I had posted my resume online awhile ago after realizing I needed a career change. After that failed to produce many results, I started applying to postings that I found on job boards in my targeted region. Quite frankly, I applied to so many vague job postings that it was hard to remember them all.
One day I recieved a call from Steve saying he got my application and wanted to have me come in to "interview". Due to the aforementioned amount of applications, I had to ask him to clarify what his company was and what role he was calling in regards to. He told me it was World Financial Group, and we set up a time (on a Tuesday evening) to "interview" for a Financial Advisor position.
A short time later, I got an email from another person at the same office, Bob, who also wanted me to come in Tuesday night. Odd, I thought, how apparently their office didn't keep track, but oh well, sometimes paperwork gets shuffled so no harm no foul.
I went to the "interview" and spoke to Steve for all of about 5 minutes before I was put in a room with one other person, a powerpoint presentation, and a very high-energy presenter.
I had a friend who worked for the king of all pyramid schemes, AmWay, and this presentation drew comparisons to that. They showed an impressive compound interest chart, which would make anyone who's never seen that before amazed at how much money they can make for you. They talked about their mission and their beliefs, and somehow completely skipped over the part where they talk about what you do.
I walked out of that "interview" being completely unable to tell my girlfriend what the position even was. I was invited back on Thursday, and I started creating a list of questions that I wanted to ask, first and foremost being "what do you actually...do?"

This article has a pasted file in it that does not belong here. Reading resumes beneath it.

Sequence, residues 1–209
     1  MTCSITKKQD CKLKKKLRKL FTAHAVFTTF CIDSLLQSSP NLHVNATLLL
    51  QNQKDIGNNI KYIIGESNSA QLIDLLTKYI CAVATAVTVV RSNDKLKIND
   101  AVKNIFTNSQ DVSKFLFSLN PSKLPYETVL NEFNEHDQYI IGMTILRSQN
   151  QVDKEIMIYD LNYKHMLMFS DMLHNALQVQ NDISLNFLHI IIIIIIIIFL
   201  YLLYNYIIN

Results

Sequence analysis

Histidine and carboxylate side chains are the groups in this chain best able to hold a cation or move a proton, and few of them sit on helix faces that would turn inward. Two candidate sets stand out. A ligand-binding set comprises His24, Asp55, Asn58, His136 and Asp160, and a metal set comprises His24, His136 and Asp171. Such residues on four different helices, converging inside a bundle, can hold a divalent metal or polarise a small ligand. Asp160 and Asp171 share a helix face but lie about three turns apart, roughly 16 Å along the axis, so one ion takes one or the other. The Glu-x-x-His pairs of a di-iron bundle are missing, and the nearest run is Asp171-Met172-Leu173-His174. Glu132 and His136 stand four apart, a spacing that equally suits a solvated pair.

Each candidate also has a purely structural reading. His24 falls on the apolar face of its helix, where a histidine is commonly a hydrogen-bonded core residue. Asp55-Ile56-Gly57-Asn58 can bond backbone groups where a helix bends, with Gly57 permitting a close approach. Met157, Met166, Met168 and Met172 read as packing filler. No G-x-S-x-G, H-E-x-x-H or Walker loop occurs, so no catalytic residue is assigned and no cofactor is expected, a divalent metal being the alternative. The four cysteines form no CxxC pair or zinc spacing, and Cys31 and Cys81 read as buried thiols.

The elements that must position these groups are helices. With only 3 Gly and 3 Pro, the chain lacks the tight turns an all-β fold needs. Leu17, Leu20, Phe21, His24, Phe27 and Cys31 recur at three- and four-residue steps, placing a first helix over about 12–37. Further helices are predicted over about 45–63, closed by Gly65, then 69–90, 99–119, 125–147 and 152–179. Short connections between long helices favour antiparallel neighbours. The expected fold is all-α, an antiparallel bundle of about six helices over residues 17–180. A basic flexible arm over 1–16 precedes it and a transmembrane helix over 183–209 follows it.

Luckily I found this site and others that informed me about how their pyramid-ish company works. I cancelled my second interview via email, which actually did get Steve to call me back and ask why I cancelled. When I told him that I believed his organization to be a pyramid scheme, his response was "aren't all businesses pyramid schemes? your boss always makes money off of you".
I also then called my Financial Planner to ask what he knew of WFG, and he informed me that their principle method of making money is pushing a cookie-cutter Variable Universal Life Insurance policy on every single client, that hardly anyone in the company has obtained any sort of certification (i.e. CFP) for financial planning, and that he would never recommend anyone to work with them.
To be fair, above 90% of the persons who sell for WFG do have their Series 63 and/or 64. However, this should not be confused with a CFP or other training. Thier certifications allow them to legally sell insurance; other certifications make you a Certified Planner. Not one person I spoke with in my entire visit even had a college degree, which is a requirement for obtaining a CFP.
I am very happy to not be moving forward with them, and I hope nobody else gets suckered by their high-energy, high-pressure sales presentation.